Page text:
Work in Progress

Connecticut coach Paul Pasqualoni has a long list of areas that need improvement as the Huskies shuffle off to Buffalo in quest of their second victory of the football season. An improved running game is near the top of that list – if not the No. 1 priority.

"We have to run the ball," Pasqualoni said this week.

UConn's defense has played well enough for the Huskies to be 3-0. Sure, there have been some big plays given up. But the Huskies lost to Vanderbilt 24-21 and to Iowa State 24-20 and this week's Big East rankings offer an extremely telling story. UConn ranks first in the conference in total defense. The Huskies are seventh out of eight spots in total offense.

The Huskies have rushed for an average of 135.7 yards per game, but were held to 112 yards against Iowa State last week. Tailback Lyle McCombs led the way with 46 yards on 18 carries. D.J. Shoemate, playing for the first time this season, had 28 yards on eight carries but also had a costly fumble in the third quarter.

That's not good enough.

Pasqualoni talked this week about the "growing pains" this team has endured. Both the offense and the defense have been required to learn a new system and a new playbook under the new coaching staff. The Huskies continue their three-quarterback experiment, which may or may not come to a head in this game.

And even though there is depth on an offensive line anchored by senior center Moe Petrus, Pasqualoni has been looking under the hood since camp in August and moving parts around. For the Iowa State game, Mike Ryan moved from left tackle to right tackle, Kevin Friend went from right tackle to left guard, and Jimmy Bennett moved into the starting spot at left tackle.

"Even though Mike Ryan has played a lot of football, it's hard to take a guy from the left and move him right in one week and expect everything to be perfect," Pasqualoni said.

It was the same for Friend. Pasqualoni calls Bennett the prototypical left tackle but he must sharpen his tools, especially in pass protection and run blocking. Pasqualoni said changing positions on the line requires work on footwork, learning angles taken on blocks, and working with new teammates on combination blocks. It all makes it hard to work together.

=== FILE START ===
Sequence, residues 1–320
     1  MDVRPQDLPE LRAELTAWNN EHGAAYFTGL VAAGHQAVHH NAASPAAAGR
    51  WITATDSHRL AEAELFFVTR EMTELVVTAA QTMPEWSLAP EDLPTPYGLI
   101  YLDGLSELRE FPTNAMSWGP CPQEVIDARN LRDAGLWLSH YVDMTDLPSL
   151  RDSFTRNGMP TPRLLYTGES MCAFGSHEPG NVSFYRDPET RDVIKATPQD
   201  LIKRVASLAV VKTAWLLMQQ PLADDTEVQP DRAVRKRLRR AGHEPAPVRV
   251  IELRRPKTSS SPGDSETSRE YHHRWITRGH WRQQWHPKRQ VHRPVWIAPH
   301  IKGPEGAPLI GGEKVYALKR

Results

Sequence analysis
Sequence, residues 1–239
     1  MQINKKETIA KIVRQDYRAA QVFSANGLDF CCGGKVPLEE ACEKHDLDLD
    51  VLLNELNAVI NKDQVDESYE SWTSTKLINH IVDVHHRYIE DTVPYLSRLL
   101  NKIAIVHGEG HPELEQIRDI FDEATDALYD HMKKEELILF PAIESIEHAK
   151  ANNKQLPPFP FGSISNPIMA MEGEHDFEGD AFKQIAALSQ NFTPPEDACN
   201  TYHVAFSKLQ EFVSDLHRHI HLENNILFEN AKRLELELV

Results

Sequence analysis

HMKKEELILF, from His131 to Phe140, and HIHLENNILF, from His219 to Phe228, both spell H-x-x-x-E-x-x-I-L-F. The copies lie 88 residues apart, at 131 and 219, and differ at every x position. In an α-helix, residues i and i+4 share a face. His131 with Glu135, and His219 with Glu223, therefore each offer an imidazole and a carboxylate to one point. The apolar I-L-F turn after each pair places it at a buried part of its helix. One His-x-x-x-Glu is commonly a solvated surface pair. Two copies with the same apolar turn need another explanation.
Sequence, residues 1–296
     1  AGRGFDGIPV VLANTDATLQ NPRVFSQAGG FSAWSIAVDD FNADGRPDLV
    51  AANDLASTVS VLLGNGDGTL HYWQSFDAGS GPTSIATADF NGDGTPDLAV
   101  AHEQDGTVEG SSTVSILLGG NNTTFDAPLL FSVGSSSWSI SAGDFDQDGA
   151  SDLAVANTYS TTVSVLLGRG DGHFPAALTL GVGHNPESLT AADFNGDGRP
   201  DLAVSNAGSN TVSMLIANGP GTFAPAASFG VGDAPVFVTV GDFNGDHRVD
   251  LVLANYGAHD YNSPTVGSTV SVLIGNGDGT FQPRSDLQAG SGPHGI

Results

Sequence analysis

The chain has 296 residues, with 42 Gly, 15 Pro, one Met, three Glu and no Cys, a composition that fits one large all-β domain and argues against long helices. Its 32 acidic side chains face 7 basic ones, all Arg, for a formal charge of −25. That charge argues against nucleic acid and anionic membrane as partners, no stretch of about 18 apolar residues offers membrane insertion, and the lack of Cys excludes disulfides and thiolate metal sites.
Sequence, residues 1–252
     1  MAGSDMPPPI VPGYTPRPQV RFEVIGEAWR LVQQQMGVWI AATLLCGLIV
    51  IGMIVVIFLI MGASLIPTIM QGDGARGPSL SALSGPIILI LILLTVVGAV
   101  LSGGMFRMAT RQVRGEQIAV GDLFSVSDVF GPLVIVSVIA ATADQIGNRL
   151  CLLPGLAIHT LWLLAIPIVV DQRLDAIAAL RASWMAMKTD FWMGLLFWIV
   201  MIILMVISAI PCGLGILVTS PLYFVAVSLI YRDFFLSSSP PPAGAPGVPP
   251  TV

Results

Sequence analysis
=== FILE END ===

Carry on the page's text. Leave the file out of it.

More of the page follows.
"If you are playing a good team, it's hard to do in a week," Pasqualoni said. "I think it was an accumulation of things [against Iowa State]."

Petrus remains a constant for the Huskies. But as a senior captain, an experienced center, and a leader on the offense, he carries a big burden on his shoulders.

"Some of the guys might have had trouble with their footwork," said Petrus, who will make his 43rd consecutive start for the Huskies against Buffalo (1-2). "It's really hard to move from tackle to guard and even left tackle to right. It kind of changes everything for you.

"You are so used to hearing your plays and assignments in one direction. And now you have to really think about it going the other direction. It maybe puts you a step behind. But I'm confident in their abilities. They'll practice and be OK."

Working with a game clock and a play clock makes it difficult to discuss corrections on the field. But when the offense comes off the field, all the players huddle on the sideline to work through the problems.

"For the most part the guys know the mistakes they made and they know how to get it corrected," Petrus said. "You don't want to make the same mistake twice. But we'll get it together."

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